Proposals for four offshore wind farms in the Firth of Forth and Firth of Tay have been halted by a successful court challenge by the Royal Society for the Protection of Birds.

Lord Stewart in the Court of Session ruled in each of four judicial review petitions brought by the RSPB, that in granting consent for the projects, Scottish ministers had failed to comply with their duties under the Electricity Works Regulations, in that they had failed to consult on environmental information and acted on unconsulted-on information; they had adopted a wrong methodology as regards ornithological risk assessment, and were in breach of EU law by refusing or delaying to classify the relevant sea area as a marine special protection area.

His rulings concerned the proposed developments of Inch Cape, Seagreen Alpha, Seagreen Bravo and Neart na Gaoith, planned to provide 2.284GW of green energy but which RSPB maintained posed a severe threat to thousands of puffins, gannets and kittiwakes, and also to guillemots and razorbills, which have protected habitats in the Firth of Forth and on the Angus coast. The risks arose from collision with turbine rotors, displacement from foraging areas within projected development sites, and "barrier effects” to flight, including foraging flights to and from breeding colonies, entailing extra energy needed by the birds with consequences for body mass, adult survival, nest attendance and chick provisioning.

The judge agreed with the RSPB's submissions that material information had not been shared with it but had been used in reaching the decisions in question. This flaw "is not simply a procedural irregularity: it is substantive; and the decision is ultra vires", he ruled. "If the decision is not substantively flawed and ultra vires, the procedural irregularity is of such seriousness that the decision has to be reduced in any event. If the irregularity is not of such seriousness, I say that the decision has to be reduced because substantial prejudice cannot be ruled out, the burden being on the ministers and the interested party, Inch Cape, in this connection." It was not a case in which the court, having regard to the nature of the flaw and weighing the balance of prejudice and other relevant circumstances, could properly exercise its discretion to refuse the remedy sought by the RSPB, which was to reduce (annul) the decision.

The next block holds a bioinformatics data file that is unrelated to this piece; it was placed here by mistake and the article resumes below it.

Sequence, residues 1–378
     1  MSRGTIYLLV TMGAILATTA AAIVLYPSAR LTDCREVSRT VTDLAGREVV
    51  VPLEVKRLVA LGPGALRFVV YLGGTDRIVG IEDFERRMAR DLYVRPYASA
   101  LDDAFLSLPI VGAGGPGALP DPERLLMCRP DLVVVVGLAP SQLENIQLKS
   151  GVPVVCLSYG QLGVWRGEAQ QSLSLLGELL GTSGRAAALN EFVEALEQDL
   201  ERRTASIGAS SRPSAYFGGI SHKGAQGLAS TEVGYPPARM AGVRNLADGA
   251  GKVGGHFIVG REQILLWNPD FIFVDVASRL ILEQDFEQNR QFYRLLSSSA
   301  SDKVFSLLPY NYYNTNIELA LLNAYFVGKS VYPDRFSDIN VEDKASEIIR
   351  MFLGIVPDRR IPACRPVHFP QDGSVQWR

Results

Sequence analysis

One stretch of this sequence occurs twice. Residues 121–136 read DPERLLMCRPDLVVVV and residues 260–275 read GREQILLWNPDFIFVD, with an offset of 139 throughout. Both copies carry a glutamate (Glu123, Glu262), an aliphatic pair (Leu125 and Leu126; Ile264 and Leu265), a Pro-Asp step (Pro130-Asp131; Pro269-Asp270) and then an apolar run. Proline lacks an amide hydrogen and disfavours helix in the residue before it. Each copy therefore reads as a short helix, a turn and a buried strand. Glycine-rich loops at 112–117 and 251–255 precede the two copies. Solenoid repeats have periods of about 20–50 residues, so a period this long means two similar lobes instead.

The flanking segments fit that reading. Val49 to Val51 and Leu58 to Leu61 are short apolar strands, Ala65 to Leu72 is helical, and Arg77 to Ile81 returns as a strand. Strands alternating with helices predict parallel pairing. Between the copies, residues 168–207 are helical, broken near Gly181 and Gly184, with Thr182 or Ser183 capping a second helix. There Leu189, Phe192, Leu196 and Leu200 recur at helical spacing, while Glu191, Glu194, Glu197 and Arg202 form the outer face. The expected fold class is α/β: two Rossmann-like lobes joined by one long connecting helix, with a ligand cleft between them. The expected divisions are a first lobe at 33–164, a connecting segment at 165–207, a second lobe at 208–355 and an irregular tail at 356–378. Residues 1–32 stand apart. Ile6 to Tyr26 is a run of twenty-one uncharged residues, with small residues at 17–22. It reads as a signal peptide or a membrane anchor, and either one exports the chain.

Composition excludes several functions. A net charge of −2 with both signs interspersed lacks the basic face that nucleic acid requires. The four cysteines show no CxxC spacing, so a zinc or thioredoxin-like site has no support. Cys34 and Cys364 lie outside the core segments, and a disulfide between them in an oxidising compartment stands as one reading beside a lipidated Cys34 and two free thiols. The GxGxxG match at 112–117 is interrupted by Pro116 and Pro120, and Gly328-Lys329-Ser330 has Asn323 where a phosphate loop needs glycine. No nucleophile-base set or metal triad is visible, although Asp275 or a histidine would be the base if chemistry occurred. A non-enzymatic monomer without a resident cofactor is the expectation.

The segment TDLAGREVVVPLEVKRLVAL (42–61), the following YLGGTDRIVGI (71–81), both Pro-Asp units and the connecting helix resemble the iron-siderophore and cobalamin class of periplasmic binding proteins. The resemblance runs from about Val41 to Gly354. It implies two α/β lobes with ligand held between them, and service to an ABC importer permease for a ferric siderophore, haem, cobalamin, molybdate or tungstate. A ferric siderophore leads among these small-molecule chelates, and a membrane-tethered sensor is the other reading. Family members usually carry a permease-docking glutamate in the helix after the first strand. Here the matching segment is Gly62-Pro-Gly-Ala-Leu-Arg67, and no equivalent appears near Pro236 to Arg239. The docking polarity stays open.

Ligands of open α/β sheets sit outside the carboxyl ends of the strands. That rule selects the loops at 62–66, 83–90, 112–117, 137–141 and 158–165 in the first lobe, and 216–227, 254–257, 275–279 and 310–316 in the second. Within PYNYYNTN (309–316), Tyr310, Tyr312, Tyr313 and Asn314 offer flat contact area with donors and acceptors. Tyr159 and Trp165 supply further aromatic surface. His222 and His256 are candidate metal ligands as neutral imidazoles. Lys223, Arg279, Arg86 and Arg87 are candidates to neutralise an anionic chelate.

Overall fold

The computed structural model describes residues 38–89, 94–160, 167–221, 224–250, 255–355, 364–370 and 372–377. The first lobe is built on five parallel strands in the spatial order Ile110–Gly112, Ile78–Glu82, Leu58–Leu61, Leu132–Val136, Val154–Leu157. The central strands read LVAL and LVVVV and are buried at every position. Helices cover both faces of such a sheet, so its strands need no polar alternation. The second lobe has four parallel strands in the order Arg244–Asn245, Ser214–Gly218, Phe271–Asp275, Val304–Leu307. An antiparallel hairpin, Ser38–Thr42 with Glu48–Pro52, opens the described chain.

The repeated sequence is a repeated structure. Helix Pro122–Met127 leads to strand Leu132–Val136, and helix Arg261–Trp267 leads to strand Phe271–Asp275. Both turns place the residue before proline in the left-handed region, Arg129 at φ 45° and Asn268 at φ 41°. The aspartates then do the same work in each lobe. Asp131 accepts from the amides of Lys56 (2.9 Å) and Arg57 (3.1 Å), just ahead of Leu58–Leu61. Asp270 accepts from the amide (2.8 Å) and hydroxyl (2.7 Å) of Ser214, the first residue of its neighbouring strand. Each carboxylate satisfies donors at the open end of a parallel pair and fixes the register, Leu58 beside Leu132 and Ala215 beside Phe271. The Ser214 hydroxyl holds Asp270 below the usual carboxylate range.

Similar considerations applied to the separate consent under the Marine Works Environmental Impact Assessment Regulations.

As regards the risk assessment challenge, Lord Stewart said "that the task for the ministers is not an enviable one. As I understand it, there is broad support for the ministers’ policy on sustainable energy generation. The environmental determinations that have to be made are very difficult ones". However there had been a number of errors in the decision making process, and the ministers had not established that if a reassessment were carried out, the outcome would inevitably be the same.

On the EU law challenge, Lord Stewart said it was not open to him to find the ministers in breach of an obligation to classify a marine special protection area, but the area should be treated as such because it met all the criteria, and the ministers had failed to have regard to material factors and to implement their statutory duties in making their decisions.

Following the decision, the RSPB said it did not regard the outcome as a victory or loss for either side, but it wanted to see "improved environmental assessment and a more rigorous decision making process that encourages the right types of renewables in the right places".

Energy Minister Paul Wheelhouse said the Scottish Government remained "strongly committed" to offshore wind energy, and was keen to work consrtructively with RSPB and developers "to ensure the sector has a bright future".

Click here to view Lord Stewart's principal opinion.